Wednesday, 25 April 2007

More woodpeckers and a squirrel

Another visit to Dyrhavn confirmed that it is one of the best spots around for woodpeckers. With very few leaves on the trees yet, and the romantic antics of woodpeckers in spring, this time of year is also the best time to spot them. The photo above is of a Great Spotted Woodpecker, the most common woodpecker in Europe but no less pretty for that.

Also spotted my first Red Squirrel. Sadly very scarce now in the UK, except for some remote islands beyond the reach of the more aggressive Grey Squirrel.

Monday, 16 April 2007

South Zealand Coast Path

Taking advantage of the gorgeous weather here in Denmark (it's been amazing all week), we took a train to Faxe (about an hour south-west of Copenhagen) and walked the South Zealand (Sjaelland) Coast Path from Faxe to Rodvig. The walk is about 12 miles and follows the coast through a mixture of woodland, arable fields and along the beach itself. The beaches are a lovely whitish sand (reminiscent of the Hebrides) and the water is beautifully clear. There was a bit of a chilly easterly wind yesterday but, sheltered from the wind, it really was sunbathing weather. We found a gorgeous sheltered spot to enjoy our homemade picnic of sausage sandwiches, salad and carrot cake and watched the swans and boats go by.. The walk took about five hours altogether, allowing for an hour stop, and we arrived at Rodvig just 5 minutes before the next train home.. If we had missed it, we would have had a 2-hour wait, so we were very lucky... With a small party of Swallows (my 100th species in Denmark) and Blackcap, Sandwich Tern and Marsh Tit, my Danish total now stands at 103. The weather is forecast to be even warmer today (22 degrees) but we had better make the most of it as Tuesday is supposed to be 12 degrees! Brr...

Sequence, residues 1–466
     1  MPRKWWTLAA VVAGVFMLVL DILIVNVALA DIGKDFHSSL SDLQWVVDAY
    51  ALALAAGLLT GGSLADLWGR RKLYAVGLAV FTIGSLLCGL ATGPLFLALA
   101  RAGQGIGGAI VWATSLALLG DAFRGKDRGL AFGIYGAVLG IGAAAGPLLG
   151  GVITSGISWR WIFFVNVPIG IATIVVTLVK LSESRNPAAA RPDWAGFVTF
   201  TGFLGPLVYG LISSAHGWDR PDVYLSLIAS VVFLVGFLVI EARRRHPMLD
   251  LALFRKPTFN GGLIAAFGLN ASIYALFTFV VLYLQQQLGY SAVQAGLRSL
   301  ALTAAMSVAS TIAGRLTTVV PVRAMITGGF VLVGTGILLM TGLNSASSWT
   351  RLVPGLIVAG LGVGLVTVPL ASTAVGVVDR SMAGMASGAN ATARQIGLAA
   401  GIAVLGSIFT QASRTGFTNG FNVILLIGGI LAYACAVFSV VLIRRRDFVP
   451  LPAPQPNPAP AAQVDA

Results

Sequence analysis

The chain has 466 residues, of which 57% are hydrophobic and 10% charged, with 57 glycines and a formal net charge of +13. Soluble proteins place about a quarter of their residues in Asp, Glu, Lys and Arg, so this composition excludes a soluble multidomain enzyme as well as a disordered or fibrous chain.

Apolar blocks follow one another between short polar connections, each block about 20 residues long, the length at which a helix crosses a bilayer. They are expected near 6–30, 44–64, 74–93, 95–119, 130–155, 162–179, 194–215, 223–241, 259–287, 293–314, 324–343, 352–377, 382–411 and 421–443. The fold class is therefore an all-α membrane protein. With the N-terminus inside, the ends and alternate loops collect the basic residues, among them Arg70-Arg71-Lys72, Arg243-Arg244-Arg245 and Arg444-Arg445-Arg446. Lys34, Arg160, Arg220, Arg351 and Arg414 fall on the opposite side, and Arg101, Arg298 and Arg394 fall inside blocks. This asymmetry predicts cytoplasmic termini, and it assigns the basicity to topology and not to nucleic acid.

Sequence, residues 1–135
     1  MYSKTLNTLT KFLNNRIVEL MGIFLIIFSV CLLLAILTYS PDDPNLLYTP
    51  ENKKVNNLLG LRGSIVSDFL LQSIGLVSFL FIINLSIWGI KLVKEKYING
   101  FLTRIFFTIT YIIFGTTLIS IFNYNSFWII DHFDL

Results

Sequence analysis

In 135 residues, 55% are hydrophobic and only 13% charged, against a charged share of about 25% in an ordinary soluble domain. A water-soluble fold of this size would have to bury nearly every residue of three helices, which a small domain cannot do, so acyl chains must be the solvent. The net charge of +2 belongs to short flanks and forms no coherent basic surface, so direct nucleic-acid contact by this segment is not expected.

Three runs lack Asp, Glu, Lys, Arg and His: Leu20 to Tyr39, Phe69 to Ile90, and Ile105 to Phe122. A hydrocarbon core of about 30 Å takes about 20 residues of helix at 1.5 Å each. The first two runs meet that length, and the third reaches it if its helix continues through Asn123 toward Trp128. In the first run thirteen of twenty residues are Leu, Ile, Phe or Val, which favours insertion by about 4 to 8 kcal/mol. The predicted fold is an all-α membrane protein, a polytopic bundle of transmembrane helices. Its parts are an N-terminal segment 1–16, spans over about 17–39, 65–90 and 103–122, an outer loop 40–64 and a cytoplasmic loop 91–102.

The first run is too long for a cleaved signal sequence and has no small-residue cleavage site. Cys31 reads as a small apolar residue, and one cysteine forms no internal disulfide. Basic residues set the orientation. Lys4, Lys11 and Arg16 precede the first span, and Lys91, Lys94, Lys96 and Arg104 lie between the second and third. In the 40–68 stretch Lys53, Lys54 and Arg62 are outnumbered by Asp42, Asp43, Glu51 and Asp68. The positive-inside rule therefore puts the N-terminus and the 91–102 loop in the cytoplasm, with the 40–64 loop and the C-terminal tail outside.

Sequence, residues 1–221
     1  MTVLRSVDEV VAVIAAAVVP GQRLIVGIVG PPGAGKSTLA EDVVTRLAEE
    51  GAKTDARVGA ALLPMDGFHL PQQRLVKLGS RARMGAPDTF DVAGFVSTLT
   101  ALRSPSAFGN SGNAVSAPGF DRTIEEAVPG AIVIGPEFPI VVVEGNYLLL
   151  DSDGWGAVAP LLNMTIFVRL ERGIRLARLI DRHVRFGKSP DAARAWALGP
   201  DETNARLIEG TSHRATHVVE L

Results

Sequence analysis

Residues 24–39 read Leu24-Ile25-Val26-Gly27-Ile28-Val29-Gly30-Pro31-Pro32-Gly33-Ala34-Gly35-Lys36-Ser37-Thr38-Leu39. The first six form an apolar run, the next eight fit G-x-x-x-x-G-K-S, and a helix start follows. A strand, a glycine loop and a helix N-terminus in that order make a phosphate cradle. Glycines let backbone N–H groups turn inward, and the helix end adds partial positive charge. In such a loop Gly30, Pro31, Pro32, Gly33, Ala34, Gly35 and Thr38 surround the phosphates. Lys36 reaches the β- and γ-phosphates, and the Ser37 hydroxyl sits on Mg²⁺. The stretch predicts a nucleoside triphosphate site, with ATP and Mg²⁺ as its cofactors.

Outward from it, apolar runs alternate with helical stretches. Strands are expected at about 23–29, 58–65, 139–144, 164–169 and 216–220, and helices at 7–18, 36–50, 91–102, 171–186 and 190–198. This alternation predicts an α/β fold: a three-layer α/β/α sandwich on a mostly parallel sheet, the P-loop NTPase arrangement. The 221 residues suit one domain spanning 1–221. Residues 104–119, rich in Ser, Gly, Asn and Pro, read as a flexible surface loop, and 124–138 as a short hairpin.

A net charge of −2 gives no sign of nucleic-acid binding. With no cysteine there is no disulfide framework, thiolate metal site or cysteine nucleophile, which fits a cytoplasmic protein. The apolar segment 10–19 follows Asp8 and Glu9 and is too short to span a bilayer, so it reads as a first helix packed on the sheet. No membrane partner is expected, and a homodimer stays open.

Treecreeper part two

Now this is a SHORT-TOED TREECREEPER, taken in Dyrhavn. Note the white spots on the wing-tips (as opposed to buff/off-white on the Common Treecreeper) plus the white eye-stripe is only prominent behind the eye (runs in front of the eye on Common Treecreeper) and the hind-claw is relatively short (compared to the Common Treecreeper).

Any Treecreeper is an unusual sight in my old stomping ground of Winterton-on-Sea, Norfolk, so I am including this id lesson for the Winterton Bird Spotting Collective so that, should one turn up on that east coast location, they can check for Short-toed.. you never know!

Incidentally, you can follow the progress of the Winterton Bird Spotting Collective at:

Sunday, 8 April 2007

Black Woodpecker